KERR: Unless we pass laws to keep people from moving here or we, in some way, curtail the growth through lack of jobs and those kind of things, Atlanta will grow. Now, should we say, all you people that were going to come to Atlanta, how about going down to Columbus and just take the water there? It’s the same water. If it’s not used in Atlanta and it’s used in Columbus, it’s the same water.
SCOTT: If continued growth is inevitable, says Bob Kerr, then ultimately, additional water sources must be explored. There’s talk of building new reservoirs for water storage, or even of piping in water from elsewhere. But some people, like Professor Bruce Ferguson of the University of Georgia, believe some partial solutions may be closer at hand.
FERGUSON: The amount of water that we’re throwing away from impervious services is enormous, and we can reclaim 50 percent of that anyway, very easily.
SCOTT: Ferguson is an expert in the field of storm water management. He believes that better management of rainwater could do much to alleviate water problems in the south and elsewhere in the U.S. He shows me half a dozen samples of porous concrete, which could replace conventional asphalt and concrete on streets and parking lots. The porous pavement would allow rainwater to pass through into the earth where it would slowly work its way into tributaries and rivers. This would not only cut down on floods and erosion, he says, but create a natural and efficient water storage system.
FERGUSON: That water belongs in the soil. That is where it went before we came along and it is a great gift that nature is able to work, if we’ll only let it.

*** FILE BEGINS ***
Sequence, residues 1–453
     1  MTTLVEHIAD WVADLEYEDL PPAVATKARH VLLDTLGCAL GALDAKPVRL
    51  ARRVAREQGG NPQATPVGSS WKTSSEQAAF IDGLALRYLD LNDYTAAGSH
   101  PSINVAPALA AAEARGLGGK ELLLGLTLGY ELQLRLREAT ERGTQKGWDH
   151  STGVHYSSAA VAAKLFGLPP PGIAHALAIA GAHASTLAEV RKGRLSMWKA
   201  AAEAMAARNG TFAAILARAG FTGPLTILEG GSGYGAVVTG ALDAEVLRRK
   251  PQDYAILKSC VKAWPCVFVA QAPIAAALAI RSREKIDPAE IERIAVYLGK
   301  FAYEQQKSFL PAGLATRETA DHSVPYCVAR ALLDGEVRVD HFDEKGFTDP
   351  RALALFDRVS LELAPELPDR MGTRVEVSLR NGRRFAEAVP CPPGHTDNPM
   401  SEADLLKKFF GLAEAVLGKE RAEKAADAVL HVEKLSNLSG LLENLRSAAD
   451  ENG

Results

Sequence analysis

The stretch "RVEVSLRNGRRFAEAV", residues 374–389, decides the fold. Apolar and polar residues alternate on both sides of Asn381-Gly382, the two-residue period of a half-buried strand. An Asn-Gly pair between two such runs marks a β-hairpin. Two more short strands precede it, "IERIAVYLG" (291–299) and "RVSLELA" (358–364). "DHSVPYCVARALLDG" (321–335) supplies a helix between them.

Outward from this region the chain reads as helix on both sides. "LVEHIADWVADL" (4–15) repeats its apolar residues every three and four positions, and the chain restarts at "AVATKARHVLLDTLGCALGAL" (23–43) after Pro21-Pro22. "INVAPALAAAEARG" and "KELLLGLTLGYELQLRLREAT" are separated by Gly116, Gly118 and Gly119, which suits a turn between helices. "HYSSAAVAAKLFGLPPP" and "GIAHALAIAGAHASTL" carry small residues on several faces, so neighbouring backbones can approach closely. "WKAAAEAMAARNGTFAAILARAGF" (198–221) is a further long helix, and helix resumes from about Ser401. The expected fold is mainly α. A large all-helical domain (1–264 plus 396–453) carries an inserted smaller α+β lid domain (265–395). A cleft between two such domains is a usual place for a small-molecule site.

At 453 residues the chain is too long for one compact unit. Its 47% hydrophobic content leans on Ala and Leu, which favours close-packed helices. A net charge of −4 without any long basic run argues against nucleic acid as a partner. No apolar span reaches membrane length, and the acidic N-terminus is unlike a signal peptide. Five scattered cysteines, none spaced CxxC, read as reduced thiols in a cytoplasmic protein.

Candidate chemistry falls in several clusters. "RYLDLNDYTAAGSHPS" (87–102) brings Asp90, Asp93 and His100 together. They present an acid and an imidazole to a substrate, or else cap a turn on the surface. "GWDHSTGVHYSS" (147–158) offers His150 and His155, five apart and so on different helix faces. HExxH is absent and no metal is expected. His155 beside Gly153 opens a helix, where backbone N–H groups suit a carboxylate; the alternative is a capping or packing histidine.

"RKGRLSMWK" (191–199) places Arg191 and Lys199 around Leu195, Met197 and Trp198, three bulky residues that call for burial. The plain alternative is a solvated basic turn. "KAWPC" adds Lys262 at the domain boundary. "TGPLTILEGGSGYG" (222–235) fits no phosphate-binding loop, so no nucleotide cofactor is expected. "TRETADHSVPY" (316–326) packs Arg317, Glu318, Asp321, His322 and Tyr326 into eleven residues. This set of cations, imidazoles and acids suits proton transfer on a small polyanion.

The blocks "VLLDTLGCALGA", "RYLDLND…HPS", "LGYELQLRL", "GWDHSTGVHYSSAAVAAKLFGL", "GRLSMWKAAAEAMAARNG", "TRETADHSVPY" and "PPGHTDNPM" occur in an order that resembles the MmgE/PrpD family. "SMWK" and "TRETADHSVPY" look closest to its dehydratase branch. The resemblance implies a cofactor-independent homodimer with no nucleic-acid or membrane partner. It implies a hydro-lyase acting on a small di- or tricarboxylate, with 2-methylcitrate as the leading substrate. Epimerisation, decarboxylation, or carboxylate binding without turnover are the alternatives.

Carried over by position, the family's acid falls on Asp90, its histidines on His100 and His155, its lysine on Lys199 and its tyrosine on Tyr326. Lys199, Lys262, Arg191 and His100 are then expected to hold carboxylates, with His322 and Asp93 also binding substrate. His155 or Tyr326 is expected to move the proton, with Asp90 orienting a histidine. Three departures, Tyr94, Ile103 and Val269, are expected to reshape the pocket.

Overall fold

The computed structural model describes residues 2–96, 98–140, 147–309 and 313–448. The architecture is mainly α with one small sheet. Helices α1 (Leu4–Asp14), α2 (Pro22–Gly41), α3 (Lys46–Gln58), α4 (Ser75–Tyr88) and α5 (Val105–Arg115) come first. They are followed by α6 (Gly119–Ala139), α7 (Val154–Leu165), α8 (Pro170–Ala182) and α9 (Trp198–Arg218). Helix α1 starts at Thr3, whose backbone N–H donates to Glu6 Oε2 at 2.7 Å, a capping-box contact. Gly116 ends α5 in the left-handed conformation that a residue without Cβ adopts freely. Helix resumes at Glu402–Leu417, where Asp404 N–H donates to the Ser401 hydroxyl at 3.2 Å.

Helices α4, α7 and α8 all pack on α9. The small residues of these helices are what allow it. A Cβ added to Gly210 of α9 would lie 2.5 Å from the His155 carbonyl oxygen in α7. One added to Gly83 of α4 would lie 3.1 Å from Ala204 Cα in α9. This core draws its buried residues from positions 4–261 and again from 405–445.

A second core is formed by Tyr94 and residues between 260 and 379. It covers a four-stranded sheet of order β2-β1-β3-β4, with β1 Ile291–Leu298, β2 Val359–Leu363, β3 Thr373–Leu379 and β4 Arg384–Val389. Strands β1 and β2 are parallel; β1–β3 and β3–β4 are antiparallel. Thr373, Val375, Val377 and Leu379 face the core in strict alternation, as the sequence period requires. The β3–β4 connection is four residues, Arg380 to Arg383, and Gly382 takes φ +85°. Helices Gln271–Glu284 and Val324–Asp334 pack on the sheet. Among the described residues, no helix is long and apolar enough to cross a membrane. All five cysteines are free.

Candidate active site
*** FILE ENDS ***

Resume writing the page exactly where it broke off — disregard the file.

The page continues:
SCOTT: In the meantime, as experts debate the best way to keep Atlanta supplied with water, communities farther down in the watershed, in South Georgia, Alabama and Florida, are staking their own claims to the precious resource. In 1998, the governors of the three states were entrusted by Congress with the task of working out an allocation formula. But more than a dozen deadlines have come and gone since then and the tri-state talks continue to plod on.
SCOTT: Back in Helen, Georgia, Dr. Philip Greear predicts those talks with ultimately be fruitless unless decision-makers look beyond regional interests and dare to take a broader view of the issue of water.
GREEAR, P.: Basically, to me there is in our culture and all human cultures the absence of respect for natural systems themselves, and that is particularly true about water. The water cannot be divided between Florida and Alabama and Georgia. I know they’ve been working, the politicians have been working on it for years and they can’t come to any agreement because they can’t answer the question about who owns the water. Because there’s no answer to that question. We don’t own it.
CURWOOD: In a moment, we’ll travel further down the Chattahoochee where the river changes names and character. You’re listening to Living on Earth.
[MUSIC: Kelly Joe Phelps, “I’ve Been Converted” LEAD ME ON (Burnside Record, 1994)]